“It’s not brain surgery” has become a common catchphrase to explain that something isn’t complex. Brain surgery is rightly believed to complicated. Brain surgeons (also known as neurosurgeons) are generally very intelligent people; however, even brain surgeons make mistakes on occasion.
Although neurosurgeons are highly trained, thoroughly educated, and well-versed in their jobs, they are also human—and all humans make mistakes from time to time. But “Oops, I’m only human” isn’t a good enough excuse to explain away responsibility for negligent care. Mistakes made by neurosurgeons may include lack of planning, poor processes, poor communication, and even lack of experience with a certain type of brain surgery. Unfortunately, any error made during brain surgery may result in brain damage, paralysis, and other debilitating injuries.
Brain Damage Caused by Incision Errors
One type of serious mistake that causes brain damage and other debilitating outcomes is an incision error. Although frighteningly shocking, surgeons sometimes make inaccurate cuts that can lead to brain injuries.
Here are some of the ways neurosurgeons make incision errors during brain surgeries:
- The surgeon is in a hurry or under stress. Sometimes neurosurgeons are called into emergency surgery, but they may feel pressure to perform the operation quickly in order to get to another scheduled surgery, or they may have plans for their personal time that cause them to hurry the surgery along. Failure to invest careful thought and time in any neurosurgery operation can lead to serious consequences, such as irreversible brain damage.
- There is a slip of the hand. Surgeons are supposed to have steady hands in order to make precise cuts and perform brain surgery carefully. When a neurosurgeon consumes too much caffeine, doesn’t get enough sleep, or takes medications that affect the steadiness of his hands, then the operation can be marred by an accidental slip of his hand. When the scalpel makes an inaccurate, the result can be tissue or nerve damage—sometimes permanent brain damage.
- An imaging test is incorrectly read. Radiologists read magnetic resonance imaging (MRI) tests, computed tomography (CT) scans, as well as other imaging tests, and write reports and summaries for doctors to read. When a radiologist misreads an MRI or CT scan, a neurosurgeon may base an operation off the wrong information—making an inaccurate cut or an unnecessary incision that causes a patient harm. However, sometimes the summaries and scans are correct, but neurosurgeons misinterpret them or come away with the wrong information. For instance, a CT scan may show a patient bleeding on the right side of the brain, but a neurosurgeon mistakenly drills into the left side of the patient’s head to stop the bleeding.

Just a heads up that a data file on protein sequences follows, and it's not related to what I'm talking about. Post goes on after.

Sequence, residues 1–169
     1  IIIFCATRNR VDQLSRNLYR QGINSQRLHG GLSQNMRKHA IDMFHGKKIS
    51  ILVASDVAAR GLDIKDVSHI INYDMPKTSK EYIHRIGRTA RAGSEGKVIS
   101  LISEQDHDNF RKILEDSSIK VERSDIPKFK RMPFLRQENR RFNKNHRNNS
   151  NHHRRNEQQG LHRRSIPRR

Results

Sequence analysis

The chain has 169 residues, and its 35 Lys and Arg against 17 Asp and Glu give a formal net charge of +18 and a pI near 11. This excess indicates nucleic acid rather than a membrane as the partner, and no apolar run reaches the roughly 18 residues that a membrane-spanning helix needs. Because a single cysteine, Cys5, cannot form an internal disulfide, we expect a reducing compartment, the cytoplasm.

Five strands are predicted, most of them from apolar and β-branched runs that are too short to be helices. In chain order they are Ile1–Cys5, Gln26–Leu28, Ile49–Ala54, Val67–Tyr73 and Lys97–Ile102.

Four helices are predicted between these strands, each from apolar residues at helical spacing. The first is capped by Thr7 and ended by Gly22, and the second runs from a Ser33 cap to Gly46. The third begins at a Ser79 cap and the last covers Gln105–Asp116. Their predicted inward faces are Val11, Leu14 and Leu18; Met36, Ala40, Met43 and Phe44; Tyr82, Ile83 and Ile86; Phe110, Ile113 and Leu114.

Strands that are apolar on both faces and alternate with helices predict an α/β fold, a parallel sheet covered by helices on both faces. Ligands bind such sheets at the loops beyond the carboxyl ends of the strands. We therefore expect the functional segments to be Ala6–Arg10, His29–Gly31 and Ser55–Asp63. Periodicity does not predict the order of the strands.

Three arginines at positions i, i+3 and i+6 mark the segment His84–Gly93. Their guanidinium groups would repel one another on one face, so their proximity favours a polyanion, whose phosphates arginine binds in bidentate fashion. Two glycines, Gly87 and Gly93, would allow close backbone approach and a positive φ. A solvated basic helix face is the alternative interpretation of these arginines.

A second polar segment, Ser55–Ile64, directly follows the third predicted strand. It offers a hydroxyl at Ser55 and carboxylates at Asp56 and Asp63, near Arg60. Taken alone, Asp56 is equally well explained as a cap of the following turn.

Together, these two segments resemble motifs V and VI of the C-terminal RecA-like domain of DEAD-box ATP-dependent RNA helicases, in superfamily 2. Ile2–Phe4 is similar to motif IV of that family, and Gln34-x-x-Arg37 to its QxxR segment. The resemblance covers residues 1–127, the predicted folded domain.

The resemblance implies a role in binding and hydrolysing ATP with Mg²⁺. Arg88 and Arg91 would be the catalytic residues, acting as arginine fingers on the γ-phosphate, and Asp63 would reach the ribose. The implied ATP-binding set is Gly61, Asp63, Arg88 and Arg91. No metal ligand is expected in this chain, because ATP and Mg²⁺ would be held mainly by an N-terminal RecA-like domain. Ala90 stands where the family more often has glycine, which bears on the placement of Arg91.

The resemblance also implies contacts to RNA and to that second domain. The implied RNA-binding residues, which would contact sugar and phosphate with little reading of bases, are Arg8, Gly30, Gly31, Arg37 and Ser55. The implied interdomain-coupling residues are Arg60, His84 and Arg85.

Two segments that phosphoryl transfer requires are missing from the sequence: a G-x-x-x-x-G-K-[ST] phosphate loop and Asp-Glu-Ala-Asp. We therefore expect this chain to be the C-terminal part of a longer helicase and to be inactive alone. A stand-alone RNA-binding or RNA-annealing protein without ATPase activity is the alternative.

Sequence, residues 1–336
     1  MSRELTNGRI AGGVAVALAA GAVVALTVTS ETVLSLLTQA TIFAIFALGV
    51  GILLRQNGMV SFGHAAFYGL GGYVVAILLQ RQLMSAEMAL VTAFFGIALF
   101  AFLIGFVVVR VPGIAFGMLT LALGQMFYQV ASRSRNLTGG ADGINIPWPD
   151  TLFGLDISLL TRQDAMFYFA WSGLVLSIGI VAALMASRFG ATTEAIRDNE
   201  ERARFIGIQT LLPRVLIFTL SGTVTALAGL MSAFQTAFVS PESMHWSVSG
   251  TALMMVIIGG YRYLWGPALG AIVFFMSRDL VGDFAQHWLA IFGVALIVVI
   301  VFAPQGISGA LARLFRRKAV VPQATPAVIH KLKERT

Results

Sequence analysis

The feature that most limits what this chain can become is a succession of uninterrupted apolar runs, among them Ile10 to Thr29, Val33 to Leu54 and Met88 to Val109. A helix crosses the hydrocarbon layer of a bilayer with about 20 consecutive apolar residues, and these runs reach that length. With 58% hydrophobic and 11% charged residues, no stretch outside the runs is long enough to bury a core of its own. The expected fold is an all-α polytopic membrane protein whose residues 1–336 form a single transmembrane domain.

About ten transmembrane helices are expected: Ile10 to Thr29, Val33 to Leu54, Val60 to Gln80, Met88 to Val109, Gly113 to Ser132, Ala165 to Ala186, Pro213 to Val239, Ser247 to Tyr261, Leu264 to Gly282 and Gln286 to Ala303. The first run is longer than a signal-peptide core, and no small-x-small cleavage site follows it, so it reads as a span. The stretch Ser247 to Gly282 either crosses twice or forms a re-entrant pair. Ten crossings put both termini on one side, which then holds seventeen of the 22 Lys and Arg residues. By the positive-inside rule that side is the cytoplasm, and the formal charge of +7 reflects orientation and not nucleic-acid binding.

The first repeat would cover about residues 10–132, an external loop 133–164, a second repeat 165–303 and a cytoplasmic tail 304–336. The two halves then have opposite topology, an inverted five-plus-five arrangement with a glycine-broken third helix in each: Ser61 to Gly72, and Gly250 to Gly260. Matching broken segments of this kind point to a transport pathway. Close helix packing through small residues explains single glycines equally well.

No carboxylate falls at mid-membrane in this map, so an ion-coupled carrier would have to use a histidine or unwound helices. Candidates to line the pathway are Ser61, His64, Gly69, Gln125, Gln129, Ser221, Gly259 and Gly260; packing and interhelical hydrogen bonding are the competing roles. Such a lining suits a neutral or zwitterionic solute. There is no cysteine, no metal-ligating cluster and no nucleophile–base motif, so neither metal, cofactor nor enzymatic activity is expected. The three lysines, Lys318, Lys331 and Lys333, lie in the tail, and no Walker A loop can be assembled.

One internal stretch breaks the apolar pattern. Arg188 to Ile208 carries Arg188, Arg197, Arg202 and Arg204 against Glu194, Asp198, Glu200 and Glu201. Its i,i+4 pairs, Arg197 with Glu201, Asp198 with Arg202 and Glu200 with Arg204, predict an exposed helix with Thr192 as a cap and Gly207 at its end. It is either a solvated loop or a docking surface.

- Visible surgical site markers aren’t used. Generally, a surgeon marks a surgical site with a marker prior to performing surgery in order to ensure the correct site. With brain surgery, fiducial markers (small stickers) are usually attached to the scalp to mark certain areas in an effort to help a neurosurgeon navigate around the brain. When these stickers are in the wrong place or they aren’t used and no other markings are made prior to surgery, it is possible for a neurosurgeon to accidentally cut into a healthy part of the brain rather than a brain tumor or blood clot. Consequently, any time the brain is damaged there is a chance a person can suffer emotional issues, communication challenges, physical impairments, and memory loss that can last a lifetime.
Although many factors can lead neurologists to make mistakes during surgery, ultimately negligence is the cause. When an error made during surgery leads to permanent brain damage that causes lifelong complications for a patient, it is critical to get a medical malpractice attorney involved. Experienced lawyers know how to investigate situations like these to determine if a surgeon was negligent and deviated from the standard of care.
If negligence is to blame, you or a loved one deserve compensation for your medical bills, ongoing care, lost income, lost enjoyment of life, and so much more. Please call our office today or request a copy of one of our free books to learn more about your rights to a medical malpractice lawsuit.